When I was pregnant with my second child, I vividly remember lacking the vision to imagine life on the other side of my daughter’s impending birth. I wasn’t even overdue, yet I was so anxious for her arrival — to move on to that next big thing — that I was starting to imagine that she’d never come. Ha! My mother-in-law would call every day during the last week or two before her due date and every call seemed to punctuate my certainty that we in fact would never get there, as if I’d be pregnant for the rest of my life.
Why is it that it can be so natural to live life with a glass half-full, drinking in the wild wonder of it’s moments, yet it’s often as if we don’t truly believe in the hope we profess to have. At pivotal points where an unwavering hope is most called for – we falter instead. Perhaps we are most prone to stumble in the seasons in which we are actually the most invested. After all, anyone can remind themselves that Spring really will follow a long, cold winter – but it can be much harder to maintain a consistent vision for renewal and restoration to follow the dark seasons of our lives.
Fast forward years later – This weekend I was a bit weighed down with extra fatigue from a sleepless week and month #3 of bronchitis. Despite my lack of energy and motivation, I was preparing to rush out the door when in a moment of desperate honesty, I told my husband how much I was dreading leaving for my appointment. You would think I was off to the gynecologist or a tax audit or something. But no – After a week of sub-zero temperatures, I was dreading lugging my weary body out into 8 inches of snow to clear off my snugly buried vehicle. At first I didn’t think too deeply about my husband going ahead of me to clear off my car – I never asked, he just went. But it hit me once I stepped out into the bright winter wonderland this morning. Whereas I had been dreading the bitter cold, I realized the reason it suddenly seemed so peacefully perfect standing out there in the freshly falling snow, was because of my subtle attitude adjustment.
You better believe I told my husband how grateful I am for him, but more than that – I asked myself, what would it look like if I always believed there was that kind of future grace to go ahead of me, even when it wasn’t clearly announced to expect it. How might I approach dark, difficult seasons differently if I dared to dream of the redeeming outcome, even before I had eyes to see it? How would it shape my marriage, my parenting, my life if I allowed the utter abandon of wild hope to seep into my thoughts in the hardest moments? For my thoughts become my actions, and my actions become my reality.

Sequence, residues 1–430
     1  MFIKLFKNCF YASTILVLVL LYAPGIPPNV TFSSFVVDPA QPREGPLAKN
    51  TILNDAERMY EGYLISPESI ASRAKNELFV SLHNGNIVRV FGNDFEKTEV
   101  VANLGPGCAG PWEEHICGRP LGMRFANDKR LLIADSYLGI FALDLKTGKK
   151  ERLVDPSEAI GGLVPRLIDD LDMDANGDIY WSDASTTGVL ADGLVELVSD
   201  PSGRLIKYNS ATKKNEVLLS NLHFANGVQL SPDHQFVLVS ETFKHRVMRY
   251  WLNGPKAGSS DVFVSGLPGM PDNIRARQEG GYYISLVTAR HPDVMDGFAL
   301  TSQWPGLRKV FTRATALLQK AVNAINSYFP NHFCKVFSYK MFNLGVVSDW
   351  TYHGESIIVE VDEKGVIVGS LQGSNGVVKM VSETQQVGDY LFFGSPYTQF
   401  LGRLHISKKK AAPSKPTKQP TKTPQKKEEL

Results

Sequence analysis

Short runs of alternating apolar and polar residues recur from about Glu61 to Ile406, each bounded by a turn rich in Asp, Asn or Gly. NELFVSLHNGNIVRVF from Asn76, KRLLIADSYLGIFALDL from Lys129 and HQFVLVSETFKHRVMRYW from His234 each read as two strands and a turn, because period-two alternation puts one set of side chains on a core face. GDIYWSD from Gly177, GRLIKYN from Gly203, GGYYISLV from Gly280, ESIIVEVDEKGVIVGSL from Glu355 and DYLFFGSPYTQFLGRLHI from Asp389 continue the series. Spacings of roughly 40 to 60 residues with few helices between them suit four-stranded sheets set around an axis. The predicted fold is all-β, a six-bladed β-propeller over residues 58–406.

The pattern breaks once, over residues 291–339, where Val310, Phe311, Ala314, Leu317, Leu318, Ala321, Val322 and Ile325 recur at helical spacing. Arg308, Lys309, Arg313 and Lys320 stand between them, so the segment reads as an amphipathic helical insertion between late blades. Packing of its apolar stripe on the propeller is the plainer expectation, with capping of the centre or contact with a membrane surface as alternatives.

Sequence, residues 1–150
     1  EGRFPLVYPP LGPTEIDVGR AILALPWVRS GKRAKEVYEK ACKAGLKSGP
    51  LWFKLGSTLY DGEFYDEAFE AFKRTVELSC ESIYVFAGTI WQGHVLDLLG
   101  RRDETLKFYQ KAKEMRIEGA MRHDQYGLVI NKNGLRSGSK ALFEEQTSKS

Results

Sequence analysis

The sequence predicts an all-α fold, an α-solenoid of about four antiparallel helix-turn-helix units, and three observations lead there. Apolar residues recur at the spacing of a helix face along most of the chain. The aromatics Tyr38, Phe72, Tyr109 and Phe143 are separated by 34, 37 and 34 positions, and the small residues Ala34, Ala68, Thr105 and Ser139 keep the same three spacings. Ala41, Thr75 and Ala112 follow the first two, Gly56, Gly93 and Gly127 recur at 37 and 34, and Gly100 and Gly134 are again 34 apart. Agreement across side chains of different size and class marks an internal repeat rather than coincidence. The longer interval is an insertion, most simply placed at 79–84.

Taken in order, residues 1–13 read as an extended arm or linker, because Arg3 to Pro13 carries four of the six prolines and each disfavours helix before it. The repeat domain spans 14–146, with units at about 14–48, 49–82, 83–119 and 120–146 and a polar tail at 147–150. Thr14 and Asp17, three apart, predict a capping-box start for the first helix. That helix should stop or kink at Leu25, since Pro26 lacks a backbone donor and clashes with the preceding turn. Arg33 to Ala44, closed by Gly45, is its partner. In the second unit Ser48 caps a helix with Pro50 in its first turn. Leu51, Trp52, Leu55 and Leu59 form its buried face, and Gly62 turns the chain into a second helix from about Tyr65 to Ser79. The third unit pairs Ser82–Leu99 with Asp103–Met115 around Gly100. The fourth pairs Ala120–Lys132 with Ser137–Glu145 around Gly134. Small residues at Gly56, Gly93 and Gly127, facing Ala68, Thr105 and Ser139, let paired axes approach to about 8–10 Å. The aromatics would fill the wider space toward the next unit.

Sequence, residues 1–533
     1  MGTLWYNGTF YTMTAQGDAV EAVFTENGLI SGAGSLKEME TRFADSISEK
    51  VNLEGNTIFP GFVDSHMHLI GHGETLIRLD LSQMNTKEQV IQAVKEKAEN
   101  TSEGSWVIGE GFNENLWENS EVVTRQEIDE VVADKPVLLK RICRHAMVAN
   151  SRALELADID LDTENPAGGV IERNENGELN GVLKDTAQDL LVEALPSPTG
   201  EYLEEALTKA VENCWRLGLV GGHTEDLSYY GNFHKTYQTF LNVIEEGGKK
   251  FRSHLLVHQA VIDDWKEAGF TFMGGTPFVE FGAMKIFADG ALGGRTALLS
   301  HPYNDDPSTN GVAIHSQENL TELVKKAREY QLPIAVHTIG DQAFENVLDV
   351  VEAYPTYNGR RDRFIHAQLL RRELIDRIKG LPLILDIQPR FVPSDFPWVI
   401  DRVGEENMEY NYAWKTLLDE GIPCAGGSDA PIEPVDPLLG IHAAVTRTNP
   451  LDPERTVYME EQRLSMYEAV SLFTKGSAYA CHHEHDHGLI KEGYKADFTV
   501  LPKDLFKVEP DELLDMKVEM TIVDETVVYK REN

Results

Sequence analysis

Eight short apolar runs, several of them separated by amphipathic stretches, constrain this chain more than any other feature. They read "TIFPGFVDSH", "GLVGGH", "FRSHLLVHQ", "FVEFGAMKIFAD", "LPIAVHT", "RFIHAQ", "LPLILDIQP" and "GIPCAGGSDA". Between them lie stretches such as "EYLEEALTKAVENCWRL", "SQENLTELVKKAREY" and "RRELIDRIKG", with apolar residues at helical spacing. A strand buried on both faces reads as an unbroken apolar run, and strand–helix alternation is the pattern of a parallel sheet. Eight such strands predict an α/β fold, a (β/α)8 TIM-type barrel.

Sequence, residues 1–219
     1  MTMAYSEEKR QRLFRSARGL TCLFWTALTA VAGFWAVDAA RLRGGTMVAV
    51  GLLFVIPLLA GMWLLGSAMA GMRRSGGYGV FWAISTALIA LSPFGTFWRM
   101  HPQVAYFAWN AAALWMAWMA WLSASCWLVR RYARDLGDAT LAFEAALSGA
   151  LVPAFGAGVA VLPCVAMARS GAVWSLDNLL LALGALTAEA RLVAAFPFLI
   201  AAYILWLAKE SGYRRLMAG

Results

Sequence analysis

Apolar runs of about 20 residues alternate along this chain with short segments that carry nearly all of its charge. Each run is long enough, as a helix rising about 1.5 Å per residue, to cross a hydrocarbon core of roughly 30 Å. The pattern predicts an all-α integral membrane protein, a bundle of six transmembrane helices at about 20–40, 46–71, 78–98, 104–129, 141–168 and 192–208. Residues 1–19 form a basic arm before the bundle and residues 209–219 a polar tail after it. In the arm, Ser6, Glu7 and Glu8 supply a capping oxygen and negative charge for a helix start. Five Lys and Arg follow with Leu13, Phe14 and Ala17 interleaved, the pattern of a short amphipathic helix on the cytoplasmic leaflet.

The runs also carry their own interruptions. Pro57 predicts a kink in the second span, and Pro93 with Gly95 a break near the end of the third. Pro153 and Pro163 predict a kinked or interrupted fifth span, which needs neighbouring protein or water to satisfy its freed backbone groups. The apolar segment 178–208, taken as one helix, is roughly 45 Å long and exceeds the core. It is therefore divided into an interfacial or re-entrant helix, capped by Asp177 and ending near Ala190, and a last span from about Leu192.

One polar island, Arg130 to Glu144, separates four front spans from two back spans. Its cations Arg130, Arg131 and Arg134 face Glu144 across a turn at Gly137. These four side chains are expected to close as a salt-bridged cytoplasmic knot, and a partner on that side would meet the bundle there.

Again and again, I’ve been reminded that if only I would choose to take the long term view, my future is brought into a focus that makes my present feel much more navigable too. Here’s what I have found to help cast vision for a hopeful future, even when it feels far from view.
They say misery loves company, but what that really means is: Look for others in a similar life stage to connect with! Your mutual understanding of the challenges of your season will buoy you both. There’s nothing worse than further discouragement because you’ve isolated yourself, believing no one can understand what you’re going through. Someone out there does, sometimes it just takes a little extra creativity to connect.
Even as it helps to connect with someone going through a similar season in life as our own, the benefit stops when we start to look a little too closely at just how similar, yet different our stories look. If you can fight the urge to compare, you will both be blessed!
Take time to look at pictures and small mementos of happy times. Your evidences of past blessing can work wonders towards reminding you that the best is yet to come!
In the meantime, celebrate the small kindnesses in life – let the little moments of unexpected joy boost your gratitude and hope for the future.
Don’t forget to connect with your spouse in the small ways, for it’s the little moments that make life big. These are exactly the moments that can help sustain a marriage through the hardest of seasons, even as you wait for future grace to carry you into the next.
Remember that despite any temporary suspicion to the contrary, we can do hard things. Surrender to the unexpected gifts of grace when you are reminded just how strong you’re being shaped to become.
Even so, give yourself grace when it’s hard. Quite simply, hard times call for big, bountiful grace!
In the meantime, allow yourself to find something to love about the life you are living, even when it doesn’t look like the life that you hoped for.
Look for the hidden beauty in each day, living each day like it may be your last. Tomorrow isn’t promised to us, so why not make the most of the days we do have – even as we wait in hope for a season of renewal to follow the season of our refining.
How might you approach the trying seasons of your life differently if you dared to dream of the redeeming outcome, even before you had eyes to see it? Do you believe that grace will go ahead of you, that what you need for each season has already been pre-planned for your good?
“And we know that for those who love God all things work together for good, for those who are called according to his purpose.” – Romans 8:28